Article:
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What the papers say

News stand


The Bush administration is proposing to change United States air pollution rules, allowing utilities to upgrade power plants without having to improve pollution control. The energy sector says the move is vital if it is to achieve cost efficiencies.

High-speed rail projects linking major US cities are taking off in the wake of 11 September as travellers avoid short-haul air flights.

Planners are supporting the move as it frees airports and airspace for long haul flights.

Forty years after the Colorado river was dammed engineers are struggling to rectify huge environmental damage downstream, including losses of sand, shrinking beaches, the invasion of alien fish, plants and parasites and the extinction of native species. All efforts to date have only aggravated the damage.


Glas Cymru, the not-for-profit company which took over Welsh Water last May, has made £24M bottom line profit, creating £241M of reserves, beating its own financial targets in its first year of operations.

The nuclear industry is facing a multi-million pound increase in its clean up costs after it emerged that some of its radioactive waste is more dangerous than hitherto thought.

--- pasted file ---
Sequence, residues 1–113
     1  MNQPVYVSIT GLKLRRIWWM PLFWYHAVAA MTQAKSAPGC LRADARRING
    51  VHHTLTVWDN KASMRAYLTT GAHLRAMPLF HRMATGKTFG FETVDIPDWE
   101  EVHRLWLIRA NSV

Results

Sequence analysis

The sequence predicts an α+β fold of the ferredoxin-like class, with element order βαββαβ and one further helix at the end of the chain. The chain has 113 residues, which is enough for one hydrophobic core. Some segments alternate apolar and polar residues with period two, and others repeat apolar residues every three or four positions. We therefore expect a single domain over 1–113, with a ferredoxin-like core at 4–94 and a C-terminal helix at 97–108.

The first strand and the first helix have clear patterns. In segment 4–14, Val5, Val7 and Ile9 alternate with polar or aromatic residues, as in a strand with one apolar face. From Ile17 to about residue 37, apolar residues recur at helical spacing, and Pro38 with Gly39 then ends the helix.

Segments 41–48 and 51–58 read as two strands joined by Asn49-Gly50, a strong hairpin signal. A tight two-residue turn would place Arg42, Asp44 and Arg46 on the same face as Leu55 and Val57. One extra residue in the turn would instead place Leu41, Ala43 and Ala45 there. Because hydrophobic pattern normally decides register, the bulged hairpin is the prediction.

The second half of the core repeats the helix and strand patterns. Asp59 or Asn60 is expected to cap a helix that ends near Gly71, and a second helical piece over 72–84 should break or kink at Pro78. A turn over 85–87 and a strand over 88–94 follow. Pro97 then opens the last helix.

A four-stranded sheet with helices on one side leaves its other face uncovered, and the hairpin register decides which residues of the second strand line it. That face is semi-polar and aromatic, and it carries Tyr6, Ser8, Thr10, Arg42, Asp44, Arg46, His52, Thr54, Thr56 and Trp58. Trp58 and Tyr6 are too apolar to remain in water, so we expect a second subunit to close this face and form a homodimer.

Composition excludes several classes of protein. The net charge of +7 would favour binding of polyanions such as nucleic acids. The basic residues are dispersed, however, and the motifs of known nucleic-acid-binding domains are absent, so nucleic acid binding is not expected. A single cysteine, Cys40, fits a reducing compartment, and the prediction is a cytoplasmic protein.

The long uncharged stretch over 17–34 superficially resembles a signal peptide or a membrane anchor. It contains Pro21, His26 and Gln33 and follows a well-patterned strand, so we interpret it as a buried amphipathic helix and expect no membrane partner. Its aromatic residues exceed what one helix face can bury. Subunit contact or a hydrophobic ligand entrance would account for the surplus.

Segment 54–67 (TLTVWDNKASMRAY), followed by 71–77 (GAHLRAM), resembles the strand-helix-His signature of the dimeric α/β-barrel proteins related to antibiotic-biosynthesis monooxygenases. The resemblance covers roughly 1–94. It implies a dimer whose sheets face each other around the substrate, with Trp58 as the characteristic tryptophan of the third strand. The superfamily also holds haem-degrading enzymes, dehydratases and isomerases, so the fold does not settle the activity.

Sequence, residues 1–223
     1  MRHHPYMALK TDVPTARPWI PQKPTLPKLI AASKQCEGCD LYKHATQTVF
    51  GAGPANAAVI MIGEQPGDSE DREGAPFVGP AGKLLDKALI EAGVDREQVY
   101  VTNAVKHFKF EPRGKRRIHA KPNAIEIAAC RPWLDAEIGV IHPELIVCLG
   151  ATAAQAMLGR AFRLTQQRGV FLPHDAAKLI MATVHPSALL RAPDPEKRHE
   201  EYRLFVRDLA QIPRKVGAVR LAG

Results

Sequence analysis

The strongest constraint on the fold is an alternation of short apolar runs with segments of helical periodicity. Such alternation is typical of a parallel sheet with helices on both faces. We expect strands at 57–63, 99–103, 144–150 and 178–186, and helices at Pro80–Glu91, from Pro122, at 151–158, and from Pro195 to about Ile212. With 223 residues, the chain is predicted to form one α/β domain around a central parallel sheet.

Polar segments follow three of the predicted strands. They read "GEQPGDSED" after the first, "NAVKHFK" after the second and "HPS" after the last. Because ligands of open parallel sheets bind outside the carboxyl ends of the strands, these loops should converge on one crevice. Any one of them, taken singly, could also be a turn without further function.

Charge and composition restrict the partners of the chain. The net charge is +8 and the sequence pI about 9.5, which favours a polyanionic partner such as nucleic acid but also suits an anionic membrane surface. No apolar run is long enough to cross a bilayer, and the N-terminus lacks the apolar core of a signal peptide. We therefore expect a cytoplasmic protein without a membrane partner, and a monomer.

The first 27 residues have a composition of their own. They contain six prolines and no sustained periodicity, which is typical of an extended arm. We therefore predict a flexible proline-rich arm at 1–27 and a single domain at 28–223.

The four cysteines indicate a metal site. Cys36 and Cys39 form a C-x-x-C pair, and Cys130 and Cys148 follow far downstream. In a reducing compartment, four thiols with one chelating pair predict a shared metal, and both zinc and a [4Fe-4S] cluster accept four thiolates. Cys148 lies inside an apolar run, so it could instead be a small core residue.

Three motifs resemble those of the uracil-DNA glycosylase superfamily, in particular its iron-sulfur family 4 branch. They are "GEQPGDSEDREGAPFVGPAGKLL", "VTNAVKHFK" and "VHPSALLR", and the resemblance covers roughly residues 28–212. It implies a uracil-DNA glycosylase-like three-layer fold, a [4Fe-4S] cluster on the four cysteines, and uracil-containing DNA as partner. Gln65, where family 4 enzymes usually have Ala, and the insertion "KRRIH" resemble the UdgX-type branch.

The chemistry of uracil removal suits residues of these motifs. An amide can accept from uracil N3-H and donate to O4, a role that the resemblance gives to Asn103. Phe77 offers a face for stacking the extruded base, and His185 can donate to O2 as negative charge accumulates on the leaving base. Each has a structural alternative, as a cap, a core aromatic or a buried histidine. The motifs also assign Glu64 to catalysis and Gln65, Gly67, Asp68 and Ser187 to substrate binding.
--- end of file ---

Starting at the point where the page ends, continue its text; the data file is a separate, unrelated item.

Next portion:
The Environment Agency is to impose tougher discharge limits on firms including nuclear fuels company BNFL, nuclear engineering firm Devonport Management (DML) and British Energy, cutting their releases of radioactive tritium.


Half of the 330 children attending Watchfield Primary School in Oxfordshire cycle to school, compared to a national average of less than 1%. The children travel in 'bike train' convoys, shepherded by parents. Watchfield turned to the bike to combat congestion resulting from the school run.

Cambridgeshire fenlands are to be recreated by flooding an area the size of central London, to preserve wildlife. Complex engineering will allow progressive flooding that will recreate a habitat eradicated soon after arrival of the Romans. The site is owned by building materials group Hanson.


With the ink on the planning approval for Terminal Five barely dry, plans are being drawn up for a sixth terminal at Heathrow. Airline British Airways is reported to be pushing for the scheme in a bid to stay ahead of its European rivals.


Anti-terrorist security checks at more than 20 UK nuclear power facilities have not taken place because of a shortage of inspectors, the government's nuclear security chief has admitted. The Office for Civil Nuclear Security says it is facing acute difficulties recruiting personnel.


Rail employees are working illegal double shifts of up to 20 hours a day, according to an undercover Evening Standard reporter, who was offered a maintenance job with just six hours training under his belt, and without either an interview or his references being checked.

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